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Hosting A Multicultural Wedding? 3 Ways To Help Guests Love It

Most couples would agree that wedding planning is a challenge. It becomes even more work when the couple and their families represent different cultures, ethnicities, or religious beliefs. What should you do to make your multicultural wedding a success for you and for all your loved ones? Here are 3 tips to help guests enjoy it even more.

Explain Aspects To Guests

If many of your guests will not be familiar with parts of the wedding, either on the bride's side or the groom's side, find ways to make them feel informed and excited. Start by including a small statement or explanation in invitations, or by email to guests. If any guests will participate, help them understand what it means to you. 

Having wedding activities during the days or week before the big day? Take this time to introduce guests to any special parts of the ceremony or party so that they will enjoy these when they occur. Finally, include a short explanation of traditions like jumping the broom or breaking glass as they occur. 

Provide Food Options

Serving wedding food with a multicultural flair is a big part of the day for many couples. But if your guests aren't used to the menu, be kind and provide a few more traditional dishes. This could include offering vegetarian or gluten free options as well as providing some kid-friendly choices for picky little ones. 

Of course, you don't have to put hamburgers and French fries on the menu next to your Ethiopian injera bread. Work with your caterer to come up with some complementary stew or chicken alternatives that pair well with the doro wat instead. Label all the dishes, including ingredients, on the menu or at the buffet. Your welcoming approach just might convert some nonbelievers into loves of international cuisine. Work with a catering company to help you with this.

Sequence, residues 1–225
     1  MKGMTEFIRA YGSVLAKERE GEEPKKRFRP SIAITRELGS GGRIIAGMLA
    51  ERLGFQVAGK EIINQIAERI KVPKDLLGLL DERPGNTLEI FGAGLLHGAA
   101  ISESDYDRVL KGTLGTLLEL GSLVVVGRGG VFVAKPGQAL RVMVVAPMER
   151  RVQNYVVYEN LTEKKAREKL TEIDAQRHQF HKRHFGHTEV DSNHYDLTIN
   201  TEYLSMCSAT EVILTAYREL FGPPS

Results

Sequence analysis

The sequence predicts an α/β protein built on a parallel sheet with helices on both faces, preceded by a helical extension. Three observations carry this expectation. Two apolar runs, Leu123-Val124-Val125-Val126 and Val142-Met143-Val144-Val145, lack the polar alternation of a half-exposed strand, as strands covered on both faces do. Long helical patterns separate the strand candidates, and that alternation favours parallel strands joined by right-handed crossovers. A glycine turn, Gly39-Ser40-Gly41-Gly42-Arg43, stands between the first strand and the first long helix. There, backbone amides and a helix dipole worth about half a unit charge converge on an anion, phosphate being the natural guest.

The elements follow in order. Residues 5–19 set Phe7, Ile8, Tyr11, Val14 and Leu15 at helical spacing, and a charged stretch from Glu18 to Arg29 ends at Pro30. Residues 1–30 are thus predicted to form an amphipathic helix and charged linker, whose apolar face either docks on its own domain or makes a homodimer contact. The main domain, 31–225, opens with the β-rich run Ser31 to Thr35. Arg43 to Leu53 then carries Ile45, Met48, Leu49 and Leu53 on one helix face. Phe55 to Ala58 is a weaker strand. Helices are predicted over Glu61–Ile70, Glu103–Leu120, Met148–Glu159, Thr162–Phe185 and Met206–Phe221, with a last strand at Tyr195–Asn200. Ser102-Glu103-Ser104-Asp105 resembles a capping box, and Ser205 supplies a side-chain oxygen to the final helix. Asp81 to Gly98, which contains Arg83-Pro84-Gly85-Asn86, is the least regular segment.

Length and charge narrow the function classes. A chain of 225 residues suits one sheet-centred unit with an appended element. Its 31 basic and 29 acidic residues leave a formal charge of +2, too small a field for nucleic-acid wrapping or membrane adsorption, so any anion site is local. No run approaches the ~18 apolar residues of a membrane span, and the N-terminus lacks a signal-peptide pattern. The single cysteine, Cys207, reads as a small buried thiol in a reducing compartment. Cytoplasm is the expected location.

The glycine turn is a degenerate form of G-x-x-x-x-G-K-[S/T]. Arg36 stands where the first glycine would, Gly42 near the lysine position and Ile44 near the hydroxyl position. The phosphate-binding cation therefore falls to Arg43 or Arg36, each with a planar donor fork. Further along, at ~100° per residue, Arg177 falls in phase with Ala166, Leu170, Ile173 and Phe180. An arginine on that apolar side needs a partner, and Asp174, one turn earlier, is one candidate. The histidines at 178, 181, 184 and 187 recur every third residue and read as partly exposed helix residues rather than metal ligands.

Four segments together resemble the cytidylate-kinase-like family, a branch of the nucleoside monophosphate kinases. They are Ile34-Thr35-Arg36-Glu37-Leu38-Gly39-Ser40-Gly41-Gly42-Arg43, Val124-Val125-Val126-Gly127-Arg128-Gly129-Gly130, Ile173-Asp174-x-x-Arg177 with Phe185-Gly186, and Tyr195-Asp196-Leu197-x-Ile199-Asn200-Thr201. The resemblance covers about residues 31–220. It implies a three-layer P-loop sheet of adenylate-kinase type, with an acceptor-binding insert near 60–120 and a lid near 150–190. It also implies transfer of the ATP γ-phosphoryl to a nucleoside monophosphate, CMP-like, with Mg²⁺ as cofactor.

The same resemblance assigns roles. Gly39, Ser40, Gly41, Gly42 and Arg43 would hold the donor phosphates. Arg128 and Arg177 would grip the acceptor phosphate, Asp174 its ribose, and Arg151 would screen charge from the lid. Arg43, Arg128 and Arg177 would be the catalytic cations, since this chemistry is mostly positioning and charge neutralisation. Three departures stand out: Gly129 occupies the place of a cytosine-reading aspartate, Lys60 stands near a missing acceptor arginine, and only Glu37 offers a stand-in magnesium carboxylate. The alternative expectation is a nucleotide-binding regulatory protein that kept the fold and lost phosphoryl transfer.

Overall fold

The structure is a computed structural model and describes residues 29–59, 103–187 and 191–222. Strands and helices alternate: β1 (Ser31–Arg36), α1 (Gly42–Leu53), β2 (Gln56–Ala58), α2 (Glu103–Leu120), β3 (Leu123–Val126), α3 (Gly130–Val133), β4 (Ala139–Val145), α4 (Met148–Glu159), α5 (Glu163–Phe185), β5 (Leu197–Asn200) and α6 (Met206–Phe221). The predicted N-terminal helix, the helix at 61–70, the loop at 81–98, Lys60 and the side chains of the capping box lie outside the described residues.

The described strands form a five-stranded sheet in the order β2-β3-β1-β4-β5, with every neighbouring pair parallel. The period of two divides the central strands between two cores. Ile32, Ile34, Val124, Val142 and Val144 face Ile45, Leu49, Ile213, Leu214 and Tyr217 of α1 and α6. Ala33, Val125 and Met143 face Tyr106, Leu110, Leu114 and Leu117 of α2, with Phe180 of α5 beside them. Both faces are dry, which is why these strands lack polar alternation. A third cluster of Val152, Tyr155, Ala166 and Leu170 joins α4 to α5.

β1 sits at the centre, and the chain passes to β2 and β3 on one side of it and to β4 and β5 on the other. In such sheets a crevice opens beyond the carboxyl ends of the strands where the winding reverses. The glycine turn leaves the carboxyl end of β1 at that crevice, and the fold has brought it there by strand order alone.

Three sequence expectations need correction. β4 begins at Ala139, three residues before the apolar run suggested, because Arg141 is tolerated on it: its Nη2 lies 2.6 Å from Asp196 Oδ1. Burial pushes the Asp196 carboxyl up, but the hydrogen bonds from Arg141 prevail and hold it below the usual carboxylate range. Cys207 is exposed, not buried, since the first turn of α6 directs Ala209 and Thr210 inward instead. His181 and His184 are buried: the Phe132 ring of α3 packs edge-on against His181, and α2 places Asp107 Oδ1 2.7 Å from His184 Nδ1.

Have a Statement Piece

You don't need to go overboard making every aspect of your ceremony and reception all about your different cultures or backgrounds. Instead, focus on a few "statement" activities or decorations. Whatever you choose, guests will remember the fun or romance of a big statement without it overpowering your nuptials. 

What focal point should you plan? It could be a traditionally red first gown for a Chinese bride or an Indian bride's pre-wedding mehndi party. Your bridal party may want to perform a hula or haka at your reception. Send guests home with Brazilian bem casados as a wedding favor. Incorporate an ancient tradition like the Japanese san-san-kudo into your ceremony. Or, encourage guests to sneak a kiss when a Swedish bride or groom leaves their partner alone in the room. 

No matter what aspects of your and your partner's cultures you choose to highlight at your wedding, it's sure to bring an extra spark to your perfect day. 

About Me

Most people don't realize it, but there is a way to cook the wrong meals for others--even if you are innately familiar with their personal preferences and culture. Although I am far from an expert, I started studying proper cooking traditions a few years ago, and it has really helped me to enjoy a whole new perspective on things. I wanted to begin a blog that talked all about food and cooking, so that you can understand the deeper levels of what it means to make a great dish. Check out these posts for all kinds of helpful information on everything from cooking to serving.

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